We have taken on board this feedback and repeated searches through the same databases with the following keywords: (Heat OR heat-related OR “high temperatures” OR heatwaves) AND (Elderly OR older OR senior* OR “vulnerable populations” OR “vulnerable groups”) AND (Management OR “preventative measures” OR prevention OR solutions OR mitigation OR adaptation OR intervention OR evaluation) NOT (Occupation OR work). The results were then combined with our previous library in Endnote.  Duplicates were removed – meaning all articles that were previously identified from the original keywords and this most recent attempt using new keywords above (inception to July 2019) were deleted.  The remaining articles were scanned for inclusion as per our original criteria and none of them fulfilled the requirements. Therefore, we have concluded that removing the word ‘people’ after the word ‘older’ made no difference to the outcome. Also, please note that we did not use “older people” but rather older people without the “” and evidently we have found articles with various versions of the word ‘older’ including ‘older population’ and ‘older adults’ (e.g. references [49,76,79,85]) even prior to repeating the searches. We have justified the use of the word ‘elderly’ in the keywords (please see above). In addition, in the area of research on climate change and indeed extreme temperatures, most authors would include older people and children, amongst certain groups such as low socio-economic status or ethnic/migrants as ‘vulnerable populations’ or ‘vulnerable individuals’. One example of authors who used the word ‘vulnerable’ groups to describe people who are 65 years and older and/or in poor health: “Preventive measures deployed as part of the heat plan apply to the entire population, although some actions are focused towards individuals that may be more vulnerable to heat. In the Montreal Heat Response Plan, vulnerable individuals include the elderly and those with certain chronic physical or mental illness, in particular when there is no access to air conditioning in the home or when individuals are living alone or are socially isolated.” (Price, K.; Benmarhnia, T.; Gaudet, J.; Kaiser, D.; Sadoine, M. L.; Perron, S.; Smargiassi, A. The Montreal heat response plan: evaluation of its implementation towards healthcare professionals and vulnerable populations. Canadian Journal of Public Health-Revue Canadienne De Sante Publique. 2018, p109, 108-116.). Hence, leaving those keywords out would actually be counterproductive to our search strategy.  Another example is: “Those with higher sensitivity include women, children, the elderly, and those with chronic illnesses and disability. Those in urban heat islands, floodplains, and coastal communities are at greater exposure, and socioeconomically disadvantaged groups may have both greater exposure and less capacity for adaptation” (Akerlof, K. L., Delamater, P. L., Boules, C. R., Upperman, C. R., & Mitchell, C. S. (2015). Vulnerable populations perceive their health as at risk from climate change. International Journal of Environmental Research and Public Health, 12(12), 15419-15433. doi:10.3390/ijerph121214994).

 --The protocol is generally accurate but it is surprising to start with 7133 articles and end up with only 18 (or 620 to 30). I am wondering if criteria are too specific. This is a very small sample and again, I am not sure whether this qualifies.

We refer to two reliable sources in which neither specified the minimum number of articles to be included in a systematic literature review. In addition, we have made every effort to follow the PRISMA guidelines as specified in section Methods. Gough, D. (. A. )., Oliver, S., 1955, & Thomas, J., 1983. (2012). An introduction to systematic reviews. London: Sage. Shamseer, L., Moher, D., Clarke, M., Ghersi, D., Liberati, A., Petticrew, M., . . . the PRISMA-P Group. (2015). Preferred reporting items for systematic review and meta-analysis protocols (PRISMA-P) 2015: Elaboration and explanation. BMJ : British Medical Journal, 349(jan02 1), g7647-g7647. doi:10.1136/bmj.g7647. We have deliberately not filtered out clinical journals despite the topic being a public health issue in order to capture the odd article that may have been published in medical journals. Evidently, there is an overwhelming focus on clinical trials and treatment focused studies rather than preventative public health focused studies. Furthermore, it highlights the fact that research in this area (climate change adaptation in older populations) is scarce and hence strengthens our purpose and adds to the urgency to explore this topic further.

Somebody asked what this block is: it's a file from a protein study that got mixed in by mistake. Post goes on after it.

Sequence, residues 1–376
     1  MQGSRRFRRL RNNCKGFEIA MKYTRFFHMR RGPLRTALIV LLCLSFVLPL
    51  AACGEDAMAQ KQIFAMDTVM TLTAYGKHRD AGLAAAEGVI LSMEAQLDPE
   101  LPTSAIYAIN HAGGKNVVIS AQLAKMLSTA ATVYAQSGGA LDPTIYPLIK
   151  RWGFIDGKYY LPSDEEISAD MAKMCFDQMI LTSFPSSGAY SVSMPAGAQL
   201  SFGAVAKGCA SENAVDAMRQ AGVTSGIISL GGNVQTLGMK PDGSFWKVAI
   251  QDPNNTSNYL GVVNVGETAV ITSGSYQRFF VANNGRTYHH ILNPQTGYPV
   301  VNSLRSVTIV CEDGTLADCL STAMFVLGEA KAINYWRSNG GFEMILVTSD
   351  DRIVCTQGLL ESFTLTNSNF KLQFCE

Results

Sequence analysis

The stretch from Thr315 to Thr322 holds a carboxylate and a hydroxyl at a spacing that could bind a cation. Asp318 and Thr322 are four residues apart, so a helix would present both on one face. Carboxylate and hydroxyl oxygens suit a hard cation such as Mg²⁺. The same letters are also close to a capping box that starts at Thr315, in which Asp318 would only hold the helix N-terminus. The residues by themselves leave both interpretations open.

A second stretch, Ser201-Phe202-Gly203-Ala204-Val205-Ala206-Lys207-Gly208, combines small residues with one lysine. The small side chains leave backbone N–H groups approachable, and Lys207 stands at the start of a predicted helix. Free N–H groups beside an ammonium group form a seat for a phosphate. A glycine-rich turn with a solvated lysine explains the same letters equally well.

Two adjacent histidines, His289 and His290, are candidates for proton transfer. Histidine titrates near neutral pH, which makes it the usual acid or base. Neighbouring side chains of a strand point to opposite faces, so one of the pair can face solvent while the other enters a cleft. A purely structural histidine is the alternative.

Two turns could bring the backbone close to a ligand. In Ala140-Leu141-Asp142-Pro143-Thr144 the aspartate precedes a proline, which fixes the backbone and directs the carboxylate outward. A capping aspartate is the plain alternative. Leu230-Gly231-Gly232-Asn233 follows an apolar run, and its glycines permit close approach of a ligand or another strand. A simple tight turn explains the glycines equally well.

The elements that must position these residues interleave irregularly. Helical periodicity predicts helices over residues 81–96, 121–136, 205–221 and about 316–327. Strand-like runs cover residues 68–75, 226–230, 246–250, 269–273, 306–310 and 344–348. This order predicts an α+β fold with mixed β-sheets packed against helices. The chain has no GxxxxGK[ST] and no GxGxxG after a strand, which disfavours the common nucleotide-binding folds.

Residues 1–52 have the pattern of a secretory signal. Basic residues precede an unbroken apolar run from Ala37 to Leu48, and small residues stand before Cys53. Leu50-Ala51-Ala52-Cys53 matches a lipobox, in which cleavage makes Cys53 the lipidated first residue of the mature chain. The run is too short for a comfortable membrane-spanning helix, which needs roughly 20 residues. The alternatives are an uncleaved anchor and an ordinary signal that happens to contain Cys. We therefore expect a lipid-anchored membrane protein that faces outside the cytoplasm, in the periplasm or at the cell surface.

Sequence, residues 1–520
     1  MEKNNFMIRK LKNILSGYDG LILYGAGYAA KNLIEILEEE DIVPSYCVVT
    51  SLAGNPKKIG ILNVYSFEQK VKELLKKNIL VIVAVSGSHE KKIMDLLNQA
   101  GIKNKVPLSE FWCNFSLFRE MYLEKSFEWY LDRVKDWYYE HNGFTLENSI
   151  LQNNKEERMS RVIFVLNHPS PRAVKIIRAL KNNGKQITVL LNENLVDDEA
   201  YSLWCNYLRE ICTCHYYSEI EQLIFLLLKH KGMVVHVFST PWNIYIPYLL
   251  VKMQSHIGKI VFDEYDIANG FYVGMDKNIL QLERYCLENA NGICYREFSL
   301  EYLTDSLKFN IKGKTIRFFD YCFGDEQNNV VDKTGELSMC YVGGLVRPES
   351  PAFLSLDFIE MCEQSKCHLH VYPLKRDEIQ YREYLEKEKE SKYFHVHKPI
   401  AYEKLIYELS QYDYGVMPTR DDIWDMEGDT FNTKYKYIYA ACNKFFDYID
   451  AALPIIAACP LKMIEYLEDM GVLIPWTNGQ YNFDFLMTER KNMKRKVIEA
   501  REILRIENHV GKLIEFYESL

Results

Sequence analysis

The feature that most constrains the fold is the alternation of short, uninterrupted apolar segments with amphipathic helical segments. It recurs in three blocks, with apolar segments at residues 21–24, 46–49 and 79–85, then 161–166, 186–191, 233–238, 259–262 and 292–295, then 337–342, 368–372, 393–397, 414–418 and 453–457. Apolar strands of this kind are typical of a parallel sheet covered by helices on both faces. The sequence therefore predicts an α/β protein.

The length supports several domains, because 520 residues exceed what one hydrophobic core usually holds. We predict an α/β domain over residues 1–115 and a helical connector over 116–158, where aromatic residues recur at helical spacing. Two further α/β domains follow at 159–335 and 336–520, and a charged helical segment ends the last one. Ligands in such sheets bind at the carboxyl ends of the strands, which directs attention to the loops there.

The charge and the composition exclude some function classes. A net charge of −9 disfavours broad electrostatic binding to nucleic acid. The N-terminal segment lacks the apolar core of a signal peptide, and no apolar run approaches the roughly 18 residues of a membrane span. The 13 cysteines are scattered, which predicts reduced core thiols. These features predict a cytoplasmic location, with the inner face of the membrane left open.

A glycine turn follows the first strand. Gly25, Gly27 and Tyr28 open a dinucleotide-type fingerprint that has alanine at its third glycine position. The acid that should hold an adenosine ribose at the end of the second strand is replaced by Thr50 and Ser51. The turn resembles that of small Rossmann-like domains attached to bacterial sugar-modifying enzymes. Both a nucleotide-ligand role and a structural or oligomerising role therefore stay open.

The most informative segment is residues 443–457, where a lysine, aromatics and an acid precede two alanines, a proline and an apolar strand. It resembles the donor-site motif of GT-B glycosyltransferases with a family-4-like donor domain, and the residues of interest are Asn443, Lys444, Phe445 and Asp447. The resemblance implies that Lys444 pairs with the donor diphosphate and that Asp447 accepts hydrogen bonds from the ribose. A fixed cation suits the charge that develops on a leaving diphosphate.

--Considering none of the 18 papers had evaluation, this column can be removed from the table and this can be noted in the text. 

This has been noted and actioned accordingly.

--I also suggest that authors refer to specific studies that are emphasized in Results section (e.g., some studies describe them in more detail (e.g. Smith 2018, Jones 2019)

This has been noted and actioned accordingly.

--The section on the Ottawa Charter Action Areas could be better integrated and connected with the previous sections. It lists relevance of action areas but could do a better job in articulating their application considering the findings of systematic review. Some paragraphs do a great job e.g., 4.1.4 Develop personal skills.

We have made an effort to improve on this by defining and explaining the Ottawa Charter in more details (please see Introduction 69 - 117)

--As of study characteristics, in addition to describing different approaches, I would love to see a more rigorous discussion of different approaches and context of individual studies.

We have attempted to clarify the usefulness of various study designs in health research in relation to included studies limitation (please see 2 Limitations 431 – 443). We would like to invite further research and discussions in this area as outlined in our conclusions.

Round 2

Reviewer 3 Report

Thank you for revisions and response to my comments.